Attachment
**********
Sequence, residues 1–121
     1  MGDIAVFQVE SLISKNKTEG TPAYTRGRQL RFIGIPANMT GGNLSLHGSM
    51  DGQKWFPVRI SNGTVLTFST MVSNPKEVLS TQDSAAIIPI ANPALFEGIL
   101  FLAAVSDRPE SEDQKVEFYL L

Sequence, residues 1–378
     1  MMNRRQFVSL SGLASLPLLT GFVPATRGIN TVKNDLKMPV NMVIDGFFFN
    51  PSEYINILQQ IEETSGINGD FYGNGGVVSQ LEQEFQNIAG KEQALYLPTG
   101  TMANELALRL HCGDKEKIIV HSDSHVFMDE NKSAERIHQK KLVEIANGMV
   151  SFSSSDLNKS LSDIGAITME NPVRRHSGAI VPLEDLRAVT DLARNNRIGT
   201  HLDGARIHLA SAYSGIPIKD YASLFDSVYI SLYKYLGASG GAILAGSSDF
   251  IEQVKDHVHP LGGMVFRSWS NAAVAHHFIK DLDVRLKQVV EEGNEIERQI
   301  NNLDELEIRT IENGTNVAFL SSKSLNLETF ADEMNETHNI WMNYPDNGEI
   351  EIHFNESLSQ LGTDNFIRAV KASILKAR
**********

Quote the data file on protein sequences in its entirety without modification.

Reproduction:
Sequence, residues 1–121
     1  MGDIAVFQVE SLISKNKTEG TPAYTRGRQL RFIGIPANMT GGNLSLHGSM
    51  DGQKWFPVRI SNGTVLTFST MVSNPKEVLS TQDSAAIIPI ANPALFEGIL
   101  FLAAVSDRPE SEDQKVEFYL L

Sequence, residues 1–378
     1  MMNRRQFVSL SGLASLPLLT GFVPATRGIN TVKNDLKMPV NMVIDGFFFN
    51  PSEYINILQQ IEETSGINGD FYGNGGVVSQ LEQEFQNIAG KEQALYLPTG
   101  TMANELALRL HCGDKEKIIV HSDSHVFMDE NKSAERIHQK KLVEIANGMV
   151  SFSSSDLNKS LSDIGAITME NPVRRHSGAI VPLEDLRAVT DLARNNRIGT
   201  HLDGARIHLA SAYSGIPIKD YASLFDSVYI SLYKYLGASG GAILAGSSDF
   251  IEQVKDHVHP LGGMVFRSWS NAAVAHHFIK DLDVRLKQVV EEGNEIERQI
   301  NNLDELEIRT IENGTNVAFL SSKSLNLETF ADEMNETHNI WMNYPDNGEI
   351  EIHFNESLSQ LGTDNFIRAV KASILKAR